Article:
4. Significant Changes in Relation to Operations, Personnel and Programs

On , the Canadian Space Agency (CSA) launched the fourth astronaut recruitment campaign in Canadian history. After a one-year selection process, the CSA announced on , the appointment of two new astronauts, Joshua Kutryk and Jennifer Sidey.

Treasury Board approved the Canadian Space Agency's - to - Investment Plan. Along with this approval, Treasury Board approved the Organizational Project Management Capacity at a level 3 – "Evolutionary" for the Canadian Space Agency. This reflects a more capable and mature governance and project management capability. This also represents the highest improvement ever over a three-year period in the history of assessments in the Government of Canada.

Approval by Senior Officials

Approved by,

The original version was signed by Sylvain Laporte, President, in Longueuil, Quebec, on .

The original version was signed by Marie-Claude Guérard, CPA CGA, Chief Financial Officer, in Longueuil, Quebec, on .

Annex 1

Canadian Space Agency
Quarterly Financial Report
For the quarter ended
Statement of Authorities
(unaudited)
(in thousands of dollars)
Fiscal Year - Fiscal Year -
Total available for use for the year ending

Table note 2
$
Used during the quarter ended

$
Year to date
used at
quarter-end
$
Total available for use for the year ending

Table note 2
$
Used during the quarter ended

$
Year to date
used at
quarter-end
$
Vote 1: Operating expenditures 161,269 24,777 24,777 184,498 22,717 22,717
Vote 5: Capital expenditures 122,420 30,497 30,497 192,112 25,793 25,793
Vote 10: Grants and contributions 60,966 7,913 7,913 45,748 7,444 7,444
Contributions to employee benefit plans 9,155 2,289 2,289 10,037 2,509 2,509
Spending of proceeds from the disposal of surplus Crown assets 28 12 12 21 - -
Total budgetary authorities 353,838 65,488 65,488 432,416 58,463 58,463

Table notes

Table note 2

Includes only Authorities available for use and granted by Parliament at quarter-end.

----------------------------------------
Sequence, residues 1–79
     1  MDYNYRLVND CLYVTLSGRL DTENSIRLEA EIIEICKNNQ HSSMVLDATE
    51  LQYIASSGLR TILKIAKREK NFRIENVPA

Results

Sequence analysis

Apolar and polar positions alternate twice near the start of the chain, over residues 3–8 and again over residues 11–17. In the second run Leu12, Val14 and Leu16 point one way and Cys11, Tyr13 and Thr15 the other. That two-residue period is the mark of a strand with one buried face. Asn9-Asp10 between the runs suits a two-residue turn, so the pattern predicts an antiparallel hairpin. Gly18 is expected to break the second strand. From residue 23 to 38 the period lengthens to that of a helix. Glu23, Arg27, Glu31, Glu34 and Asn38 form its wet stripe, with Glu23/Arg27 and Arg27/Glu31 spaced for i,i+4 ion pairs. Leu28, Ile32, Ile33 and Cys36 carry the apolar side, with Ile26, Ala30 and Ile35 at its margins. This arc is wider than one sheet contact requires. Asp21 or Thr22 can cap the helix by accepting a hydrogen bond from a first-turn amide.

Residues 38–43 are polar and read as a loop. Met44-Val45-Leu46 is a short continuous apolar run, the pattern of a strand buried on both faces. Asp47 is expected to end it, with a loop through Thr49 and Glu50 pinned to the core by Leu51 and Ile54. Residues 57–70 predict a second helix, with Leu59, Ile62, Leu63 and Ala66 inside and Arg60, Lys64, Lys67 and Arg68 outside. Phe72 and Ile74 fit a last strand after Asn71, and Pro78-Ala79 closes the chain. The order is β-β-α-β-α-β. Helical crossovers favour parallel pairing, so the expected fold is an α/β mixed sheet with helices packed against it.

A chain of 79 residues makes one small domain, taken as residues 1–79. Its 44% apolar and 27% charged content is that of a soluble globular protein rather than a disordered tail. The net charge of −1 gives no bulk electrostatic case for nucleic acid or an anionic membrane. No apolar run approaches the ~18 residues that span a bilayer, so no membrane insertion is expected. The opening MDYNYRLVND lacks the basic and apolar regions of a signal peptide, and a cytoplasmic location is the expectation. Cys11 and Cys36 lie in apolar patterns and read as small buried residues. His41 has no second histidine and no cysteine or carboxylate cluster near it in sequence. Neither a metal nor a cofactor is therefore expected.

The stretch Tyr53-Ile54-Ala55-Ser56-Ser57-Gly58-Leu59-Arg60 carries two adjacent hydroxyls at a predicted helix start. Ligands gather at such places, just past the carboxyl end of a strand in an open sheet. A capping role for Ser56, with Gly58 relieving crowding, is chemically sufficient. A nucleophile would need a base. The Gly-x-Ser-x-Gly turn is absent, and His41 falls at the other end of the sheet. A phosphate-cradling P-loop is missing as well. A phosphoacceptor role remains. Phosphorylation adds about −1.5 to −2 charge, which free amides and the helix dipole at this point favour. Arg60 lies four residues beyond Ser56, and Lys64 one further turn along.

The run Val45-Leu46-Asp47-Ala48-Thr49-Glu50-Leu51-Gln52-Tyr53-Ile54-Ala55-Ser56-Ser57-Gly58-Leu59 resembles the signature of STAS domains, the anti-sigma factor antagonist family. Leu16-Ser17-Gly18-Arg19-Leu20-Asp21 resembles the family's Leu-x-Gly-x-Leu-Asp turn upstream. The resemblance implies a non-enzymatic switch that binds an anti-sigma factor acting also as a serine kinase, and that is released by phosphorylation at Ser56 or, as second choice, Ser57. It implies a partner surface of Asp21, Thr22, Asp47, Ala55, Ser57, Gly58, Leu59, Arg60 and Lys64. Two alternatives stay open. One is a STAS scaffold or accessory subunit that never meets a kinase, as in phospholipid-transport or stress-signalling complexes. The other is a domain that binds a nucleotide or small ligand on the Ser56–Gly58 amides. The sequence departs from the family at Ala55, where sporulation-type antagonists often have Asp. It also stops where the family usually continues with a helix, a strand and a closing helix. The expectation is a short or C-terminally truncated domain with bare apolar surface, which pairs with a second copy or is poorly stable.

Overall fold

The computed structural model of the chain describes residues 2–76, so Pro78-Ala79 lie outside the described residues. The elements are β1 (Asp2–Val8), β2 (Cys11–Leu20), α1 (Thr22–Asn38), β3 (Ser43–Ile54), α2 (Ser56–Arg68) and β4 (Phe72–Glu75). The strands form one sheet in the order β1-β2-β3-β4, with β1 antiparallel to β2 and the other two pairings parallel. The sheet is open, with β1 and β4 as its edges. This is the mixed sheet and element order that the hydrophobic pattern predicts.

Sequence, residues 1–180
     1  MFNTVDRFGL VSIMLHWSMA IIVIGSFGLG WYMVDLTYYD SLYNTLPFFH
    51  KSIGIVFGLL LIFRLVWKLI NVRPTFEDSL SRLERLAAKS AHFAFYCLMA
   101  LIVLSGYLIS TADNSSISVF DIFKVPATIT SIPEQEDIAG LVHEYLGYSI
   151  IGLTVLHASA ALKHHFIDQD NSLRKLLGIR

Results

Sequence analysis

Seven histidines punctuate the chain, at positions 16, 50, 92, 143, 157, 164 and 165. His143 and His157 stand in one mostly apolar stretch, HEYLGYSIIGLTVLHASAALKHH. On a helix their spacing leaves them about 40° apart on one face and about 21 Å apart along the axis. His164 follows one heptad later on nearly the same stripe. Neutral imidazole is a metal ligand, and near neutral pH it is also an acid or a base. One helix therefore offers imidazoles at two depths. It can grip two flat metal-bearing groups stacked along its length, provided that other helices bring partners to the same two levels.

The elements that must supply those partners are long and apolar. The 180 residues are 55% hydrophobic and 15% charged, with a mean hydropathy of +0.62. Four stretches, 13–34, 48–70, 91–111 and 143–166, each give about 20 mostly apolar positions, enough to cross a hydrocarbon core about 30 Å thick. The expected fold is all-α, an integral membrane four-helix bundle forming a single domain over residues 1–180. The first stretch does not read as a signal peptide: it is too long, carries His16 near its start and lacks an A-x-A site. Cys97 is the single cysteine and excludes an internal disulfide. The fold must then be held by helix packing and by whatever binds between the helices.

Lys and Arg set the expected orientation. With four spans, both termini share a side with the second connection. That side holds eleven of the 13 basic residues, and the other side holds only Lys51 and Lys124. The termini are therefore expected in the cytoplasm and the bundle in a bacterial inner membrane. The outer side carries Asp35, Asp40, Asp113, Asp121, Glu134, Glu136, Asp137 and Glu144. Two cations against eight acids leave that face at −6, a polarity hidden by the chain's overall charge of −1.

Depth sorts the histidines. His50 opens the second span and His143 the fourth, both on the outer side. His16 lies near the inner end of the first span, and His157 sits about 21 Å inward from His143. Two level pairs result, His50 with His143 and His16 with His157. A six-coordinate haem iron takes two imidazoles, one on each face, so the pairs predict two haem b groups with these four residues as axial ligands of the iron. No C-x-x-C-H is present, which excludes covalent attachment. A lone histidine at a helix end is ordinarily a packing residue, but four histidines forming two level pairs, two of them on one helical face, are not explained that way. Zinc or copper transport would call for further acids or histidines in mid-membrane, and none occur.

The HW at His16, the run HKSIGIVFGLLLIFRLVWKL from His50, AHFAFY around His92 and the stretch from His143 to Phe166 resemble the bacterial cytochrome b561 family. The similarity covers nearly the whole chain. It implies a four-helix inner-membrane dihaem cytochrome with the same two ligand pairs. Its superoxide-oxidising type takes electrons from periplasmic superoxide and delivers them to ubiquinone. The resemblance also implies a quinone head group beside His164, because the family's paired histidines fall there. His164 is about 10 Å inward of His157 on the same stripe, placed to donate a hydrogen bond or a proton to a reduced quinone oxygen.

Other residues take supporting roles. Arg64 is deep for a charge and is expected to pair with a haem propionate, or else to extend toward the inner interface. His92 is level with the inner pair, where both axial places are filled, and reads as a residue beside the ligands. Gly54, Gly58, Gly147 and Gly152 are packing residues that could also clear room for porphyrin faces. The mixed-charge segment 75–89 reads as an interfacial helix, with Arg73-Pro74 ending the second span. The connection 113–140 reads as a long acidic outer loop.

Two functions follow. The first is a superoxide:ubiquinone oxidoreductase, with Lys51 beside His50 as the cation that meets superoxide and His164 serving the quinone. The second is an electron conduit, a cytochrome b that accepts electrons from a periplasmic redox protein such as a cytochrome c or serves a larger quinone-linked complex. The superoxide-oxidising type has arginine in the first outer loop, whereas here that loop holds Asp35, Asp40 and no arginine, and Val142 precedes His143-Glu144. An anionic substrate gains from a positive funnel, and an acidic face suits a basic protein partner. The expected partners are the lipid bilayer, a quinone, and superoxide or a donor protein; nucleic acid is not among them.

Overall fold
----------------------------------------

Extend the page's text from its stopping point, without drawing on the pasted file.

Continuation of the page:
Return to table note 2 referrer

Annex 2

Canadian Space Agency
Quarterly Financial Report
For the quarter ended
Departmental budgetary expenditures by Standard Object
(unaudited)
(in thousands of dollars)
Fiscal Year - Fiscal Year -
Planned expenditures for the year ending

$
Used
during the
quarter ended

$
Year to date
used at
quarter-end
$
Planned expenditures for the year ending

$
Used
during the
quarter ended
$
Year to date
used at
quarter-end
$
Expenditures:
Personnel 67,470 17,972 17,972 68,389 16,874 16,874
Transportation and communications 4,497 754 754 4,249 629 629
Information 3,044 515 515 2,775 455 455
Professional and special services 121,464 8,408 8,408 138,185 8,316 8,316
Rentals 2,950 369 369 3,361 395 395
Repair and maintenance 3,137 660 660 7,675 343 343
Utilities, materials and supplies 1,851 303 303 1,817 364 364
Acquisition of land, buildings and works 445 - - 595 - -
Acquisition of machinery and equipment 81,096 28,559 28,559 155,220 23,553 23,553
Transfer payments 60,966 7,913 7,913 45,748 7,444 7,444
Other subsidies and payments 6,918 35 35 4,402 90 90
Total budgetary expenditures 353,838 65,488 65,488 432,416 58,463 58,463

Footnotes

Footnote 1

The financial data presented as planned expenditures in the Main Estimates (ME) and Departmental Plan may differ from the authorities available presented in this Quarterly Financial Report (QFR). The Departmental Plan data includes estimated adjustments to the ME for the entire year, whereas the QFR presents only the authorities granted to date through the Estimates process (i.e. the ME and the Supplementary Estimates).

Return to footnote 1 referrer